Due to the functional form of typical Lagrangian densities that arise in particle physics, field theorists run into integrals having integrands that are fractions with polynomial denominators when they calculate propagators and Green‘s functions. That is where talk of “poles” and “contour integrals” comes into the picture. Pi makes an entry via the Residue Theorem. Pi shows up in the Residue Theorem because a circular contour surrounding a pole in the complex plane is used as the path of integration of an analytic function.

In another thread, Matt Grime said:

For some reason, that triggered this thought: Is there any motivation to consider higher dimensional versions of the Residue Theorem? Or would nothing further be gained by this? For instance, would it make sense to consider analytic functions over quaternion values instead of over complex values? Would a quaternion version of the Residue Theorem then result from considering an integral over four-dimensional quaternion space, with the path of integration somehow being a three-dimension volume within the four-dimensional space, analogous to the familiar one-dimensional closed curve within the two-dimensional complex plane? Or does it not even make sense to speak of path integrals where the path is more than one-dimensional?

Sorry if this seems kind of fuzzy and ill-defined. At the moment I am not familiar enough with the subject to sharpen my question any further.

Just to make sure that I am sort of understanding you, when I spoke of a four-dimensional quaternion space, I was implying that it was a four-dimensional real space R^4. I think you are saying that it can also be looked at (is isomorphic to) a two-dimensional complex space C^2.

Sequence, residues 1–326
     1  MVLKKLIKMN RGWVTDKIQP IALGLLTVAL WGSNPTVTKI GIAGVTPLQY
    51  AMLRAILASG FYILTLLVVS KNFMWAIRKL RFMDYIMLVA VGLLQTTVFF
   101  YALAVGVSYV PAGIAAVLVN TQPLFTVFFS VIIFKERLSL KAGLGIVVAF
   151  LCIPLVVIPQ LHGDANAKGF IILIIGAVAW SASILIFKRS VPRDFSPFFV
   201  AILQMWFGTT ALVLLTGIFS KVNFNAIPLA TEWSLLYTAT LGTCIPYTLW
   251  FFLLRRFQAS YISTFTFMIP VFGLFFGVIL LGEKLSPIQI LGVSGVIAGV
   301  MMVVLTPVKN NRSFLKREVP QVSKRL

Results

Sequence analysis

Is your statement "In C^n, with n > 1, if a function..." easy to prove? What sort of book would one look at to see the proof?

I would guess any multivariable complex analysis course would have the theorem. I had borrowed a little thin book on the subject from a friend for a couple months, that's where I encountered the theorem.

I think that's false, but I haven't tried working out a proof. The quaternions sort of act like they have one real axis and three imaginary axes, rather than two real and two imaginary.

I brought up C^2 because I thought you would find it interesting, and might be relevant.

Nope. You can still talk about path integrals, and they might have nifty properties. You could also talk about surface integrals, but those don't seem very pretty.

Right, I know that quaternions themselves have a noncommutative multiplication rule. I somehow thought that they could be considered as forming the basis (maybe that is bad terminology) for an R^4 vector space, such that a point like (1,2,3,4) corresponds to the quaternion 1+2i+3j+4k. As long as all I cared about was addition of vectors in R^4, it seems obvious that they model addition of quaternions. You could then come up with a certain outer product multiplication rule (bad terminology?) that would make an ordered pair of vectors in R^4 correspond to the multiplication of quaternions, no?

I will keep an eye out for that sort of book. I have seen a book or two on complex analysis, but maybe just single-variabled. 'z' seems to be the letter of choice for a single complex variable.